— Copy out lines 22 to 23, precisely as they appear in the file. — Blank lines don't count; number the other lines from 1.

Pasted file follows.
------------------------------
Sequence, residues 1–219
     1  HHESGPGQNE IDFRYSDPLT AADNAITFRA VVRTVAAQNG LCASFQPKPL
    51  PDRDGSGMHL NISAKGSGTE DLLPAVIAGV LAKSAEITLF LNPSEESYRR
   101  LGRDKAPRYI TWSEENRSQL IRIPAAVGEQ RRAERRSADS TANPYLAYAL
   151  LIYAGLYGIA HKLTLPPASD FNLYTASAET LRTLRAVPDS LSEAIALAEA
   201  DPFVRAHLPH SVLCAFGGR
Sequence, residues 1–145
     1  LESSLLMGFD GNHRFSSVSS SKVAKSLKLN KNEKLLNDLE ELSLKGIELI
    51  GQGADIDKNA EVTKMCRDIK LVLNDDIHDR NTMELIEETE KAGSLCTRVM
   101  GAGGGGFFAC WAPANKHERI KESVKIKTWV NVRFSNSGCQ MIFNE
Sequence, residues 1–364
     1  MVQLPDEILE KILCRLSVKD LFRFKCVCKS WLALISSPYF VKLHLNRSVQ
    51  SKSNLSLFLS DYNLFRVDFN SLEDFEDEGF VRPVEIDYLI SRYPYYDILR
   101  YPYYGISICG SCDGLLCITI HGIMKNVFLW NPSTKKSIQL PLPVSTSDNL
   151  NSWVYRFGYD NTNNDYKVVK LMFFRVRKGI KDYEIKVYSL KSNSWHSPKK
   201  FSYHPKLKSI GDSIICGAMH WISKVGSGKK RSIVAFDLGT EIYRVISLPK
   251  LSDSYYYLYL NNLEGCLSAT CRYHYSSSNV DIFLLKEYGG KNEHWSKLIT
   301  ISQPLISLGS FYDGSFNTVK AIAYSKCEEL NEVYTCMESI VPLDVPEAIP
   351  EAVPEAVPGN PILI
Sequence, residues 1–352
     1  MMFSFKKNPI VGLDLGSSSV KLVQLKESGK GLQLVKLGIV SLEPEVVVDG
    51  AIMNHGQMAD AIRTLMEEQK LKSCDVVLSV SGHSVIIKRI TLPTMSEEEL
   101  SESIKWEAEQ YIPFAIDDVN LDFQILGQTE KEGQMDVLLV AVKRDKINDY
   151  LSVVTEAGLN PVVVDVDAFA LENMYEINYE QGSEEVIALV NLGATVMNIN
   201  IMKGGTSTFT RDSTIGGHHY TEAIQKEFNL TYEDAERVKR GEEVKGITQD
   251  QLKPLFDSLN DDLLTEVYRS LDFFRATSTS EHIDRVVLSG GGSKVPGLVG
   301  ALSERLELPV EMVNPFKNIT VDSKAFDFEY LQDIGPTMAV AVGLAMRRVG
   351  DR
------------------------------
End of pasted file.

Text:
    51  AIMNHGQMAD AIRTLMEEQK LKSCDVVLSV SGHSVIIKRI TLPTMSEEEL
   101  SESIKWEAEQ YIPFAIDDVN LDFQILGQTE KEGQMDVLLV AVKRDKINDY